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What does this mean?

Your City Needs a Real-World Knowledge Graph in 2019

Cities are continuously trying to understand how citizens interact and engage with city services as they move about from one place to another.

I recollect the conversation from June 2016 with extraordinary clarity. We had begun our exploratory session with Tony Batalla, Head of IT at the City of San Leandro. Keen to understand if CityDash could expand beyond the analysis of 311 civic issues, I kept asking Tony about analyzing and visualizing additional datasets like people movement and crime reports. Tony's insightful feedback to me was:

"Honestly, there are too many visualization tools out there. We don't need more dots on a map. The holy grail is to correlate across different datasets to find meaningful, actionable insights for the city. No one can do that right now."

This marked the beginning of CityDash AI and our efforts to make Tony’s challenge become a reality. We were hosted by STIR, the Startup in Residence program organized by San Francisco, San Leandro, Oakland, and Sacramento (it’s now run nationally by the City Innovate Foundation). Fast forward two years and CityDash AI, proudly part of the GovTech 100 list, has become the only real-world knowledge graph available for the public sector.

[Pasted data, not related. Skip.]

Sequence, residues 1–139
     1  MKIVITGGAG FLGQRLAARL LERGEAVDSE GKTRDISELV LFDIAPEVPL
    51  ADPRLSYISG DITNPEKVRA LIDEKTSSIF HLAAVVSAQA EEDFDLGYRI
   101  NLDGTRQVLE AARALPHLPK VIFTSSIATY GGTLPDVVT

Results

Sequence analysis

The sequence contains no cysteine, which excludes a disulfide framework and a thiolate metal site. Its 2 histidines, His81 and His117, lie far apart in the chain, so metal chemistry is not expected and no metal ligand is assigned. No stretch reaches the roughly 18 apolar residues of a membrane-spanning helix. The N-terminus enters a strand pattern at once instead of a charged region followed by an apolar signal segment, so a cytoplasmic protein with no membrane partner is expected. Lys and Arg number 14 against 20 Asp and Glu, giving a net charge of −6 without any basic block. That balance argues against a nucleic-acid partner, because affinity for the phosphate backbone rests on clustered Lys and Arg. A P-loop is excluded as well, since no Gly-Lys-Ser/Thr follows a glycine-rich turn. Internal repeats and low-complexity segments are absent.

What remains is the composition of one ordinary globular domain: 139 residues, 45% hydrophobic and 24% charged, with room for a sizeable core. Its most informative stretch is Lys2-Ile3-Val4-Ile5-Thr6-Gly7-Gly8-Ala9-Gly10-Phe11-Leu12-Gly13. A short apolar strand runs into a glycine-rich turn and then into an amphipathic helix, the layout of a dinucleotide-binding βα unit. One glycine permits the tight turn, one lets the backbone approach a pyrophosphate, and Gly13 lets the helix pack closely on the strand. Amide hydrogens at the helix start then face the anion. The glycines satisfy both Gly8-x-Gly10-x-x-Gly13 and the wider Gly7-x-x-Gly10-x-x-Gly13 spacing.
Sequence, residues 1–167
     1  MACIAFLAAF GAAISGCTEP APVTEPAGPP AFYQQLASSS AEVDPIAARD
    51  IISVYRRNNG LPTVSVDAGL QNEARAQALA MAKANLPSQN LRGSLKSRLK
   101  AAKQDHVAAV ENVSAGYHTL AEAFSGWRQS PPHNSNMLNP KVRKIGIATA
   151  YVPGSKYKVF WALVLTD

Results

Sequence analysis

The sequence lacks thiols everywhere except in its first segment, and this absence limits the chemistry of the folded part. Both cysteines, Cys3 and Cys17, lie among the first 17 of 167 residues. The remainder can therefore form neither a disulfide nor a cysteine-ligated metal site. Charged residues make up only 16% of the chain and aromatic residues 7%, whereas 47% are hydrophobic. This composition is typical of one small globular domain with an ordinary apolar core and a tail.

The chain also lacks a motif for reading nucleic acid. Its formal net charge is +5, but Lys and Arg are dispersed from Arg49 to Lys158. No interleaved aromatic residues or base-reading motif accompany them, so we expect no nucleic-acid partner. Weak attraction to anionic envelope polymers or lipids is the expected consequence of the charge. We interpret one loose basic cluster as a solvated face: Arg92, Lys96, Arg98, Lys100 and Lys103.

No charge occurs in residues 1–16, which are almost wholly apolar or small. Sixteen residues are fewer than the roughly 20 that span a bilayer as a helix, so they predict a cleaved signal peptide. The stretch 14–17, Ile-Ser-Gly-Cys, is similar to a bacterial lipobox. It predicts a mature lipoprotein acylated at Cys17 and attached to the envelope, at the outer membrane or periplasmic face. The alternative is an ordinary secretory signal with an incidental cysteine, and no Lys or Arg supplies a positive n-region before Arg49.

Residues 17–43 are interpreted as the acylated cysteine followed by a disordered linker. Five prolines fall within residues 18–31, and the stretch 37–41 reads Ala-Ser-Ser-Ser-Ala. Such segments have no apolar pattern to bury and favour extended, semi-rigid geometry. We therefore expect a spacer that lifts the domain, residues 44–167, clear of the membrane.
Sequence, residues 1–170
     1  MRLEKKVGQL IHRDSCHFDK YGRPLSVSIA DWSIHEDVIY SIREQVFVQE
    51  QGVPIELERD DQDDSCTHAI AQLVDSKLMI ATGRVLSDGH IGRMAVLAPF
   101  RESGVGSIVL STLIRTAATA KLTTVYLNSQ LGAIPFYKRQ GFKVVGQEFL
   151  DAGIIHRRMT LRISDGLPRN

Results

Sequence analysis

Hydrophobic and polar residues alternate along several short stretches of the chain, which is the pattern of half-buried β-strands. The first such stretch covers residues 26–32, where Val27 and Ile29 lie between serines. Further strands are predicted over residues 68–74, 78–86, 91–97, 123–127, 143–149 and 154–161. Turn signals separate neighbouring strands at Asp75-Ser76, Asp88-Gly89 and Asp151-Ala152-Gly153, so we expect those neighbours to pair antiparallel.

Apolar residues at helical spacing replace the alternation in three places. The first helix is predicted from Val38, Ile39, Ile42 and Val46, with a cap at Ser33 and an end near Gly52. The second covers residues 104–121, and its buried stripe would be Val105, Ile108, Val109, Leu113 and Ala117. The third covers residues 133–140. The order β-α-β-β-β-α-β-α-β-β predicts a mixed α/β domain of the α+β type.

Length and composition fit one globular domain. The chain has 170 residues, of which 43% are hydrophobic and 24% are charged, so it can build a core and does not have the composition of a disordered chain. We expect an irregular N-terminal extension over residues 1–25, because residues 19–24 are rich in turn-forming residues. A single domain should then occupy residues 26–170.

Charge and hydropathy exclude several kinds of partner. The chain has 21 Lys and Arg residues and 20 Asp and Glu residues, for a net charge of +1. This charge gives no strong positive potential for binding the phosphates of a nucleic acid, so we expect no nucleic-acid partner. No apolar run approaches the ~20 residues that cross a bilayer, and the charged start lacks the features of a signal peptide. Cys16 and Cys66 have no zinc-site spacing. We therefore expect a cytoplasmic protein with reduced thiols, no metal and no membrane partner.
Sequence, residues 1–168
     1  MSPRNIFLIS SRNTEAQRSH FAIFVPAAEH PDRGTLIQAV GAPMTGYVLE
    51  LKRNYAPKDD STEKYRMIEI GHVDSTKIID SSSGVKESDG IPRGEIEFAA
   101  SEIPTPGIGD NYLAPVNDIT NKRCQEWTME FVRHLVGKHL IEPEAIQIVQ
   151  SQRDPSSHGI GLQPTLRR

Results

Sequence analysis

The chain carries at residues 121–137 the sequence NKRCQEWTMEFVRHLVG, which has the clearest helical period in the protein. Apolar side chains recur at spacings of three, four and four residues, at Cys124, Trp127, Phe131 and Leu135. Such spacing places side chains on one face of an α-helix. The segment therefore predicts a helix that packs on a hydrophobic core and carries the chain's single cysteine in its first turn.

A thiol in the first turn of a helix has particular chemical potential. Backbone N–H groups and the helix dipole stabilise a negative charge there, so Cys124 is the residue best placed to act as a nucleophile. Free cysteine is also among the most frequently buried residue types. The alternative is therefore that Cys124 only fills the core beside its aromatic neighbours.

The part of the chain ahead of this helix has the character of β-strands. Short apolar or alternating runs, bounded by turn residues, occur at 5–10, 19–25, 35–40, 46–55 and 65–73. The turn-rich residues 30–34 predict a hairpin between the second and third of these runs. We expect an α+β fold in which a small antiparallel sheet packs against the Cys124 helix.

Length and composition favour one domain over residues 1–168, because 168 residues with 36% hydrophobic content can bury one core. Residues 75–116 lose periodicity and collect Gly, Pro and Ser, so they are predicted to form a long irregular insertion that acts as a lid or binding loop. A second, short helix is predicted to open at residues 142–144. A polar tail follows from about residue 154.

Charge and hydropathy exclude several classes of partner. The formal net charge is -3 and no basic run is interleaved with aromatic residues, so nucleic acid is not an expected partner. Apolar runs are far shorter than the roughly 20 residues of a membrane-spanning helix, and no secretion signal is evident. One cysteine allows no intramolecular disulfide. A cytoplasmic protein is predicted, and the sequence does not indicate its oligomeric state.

Why does the public sector need a real-world knowledge graph?

Cities, counties, states, and special districts are continuously trying to understand how residents and visitors interact and engage with their services and spaces as they move about from one place to another. For example, how many visitors use your parks and how many people hang out in your downtown on any given summer evening? As simple as this sounds, it can be a challenge to gather the data. Traditionally, government organizations have employed manual people counts, but this just becomes a static number, stuck in time. 
What if you had access to real time count data? This awareness could be represented as a graph with a real-world context in the form of time, place, and ambiance. A knowledge graph essentially is a data graph with machine learning applied to that data. Done in an anonymized manner, a real-world knowledge graph can provide incredible insights into why people are where they are - even predicting their sentiment - while maximizing privacy and security.
Now imagine you could correlate this new data with your existing city data. For example, most cities have 311 data for sidewalks and roads, the federal government provides weather data for temperature and precipitation, and states and counties provide pavement condition indices for their roadways. But how many cities proactively correlate these disparate data sets and try to anticipate things like trip hazards in inclement weather to address issues before they arise?
This is the power of CityDash AI.

How does alternative data help cities?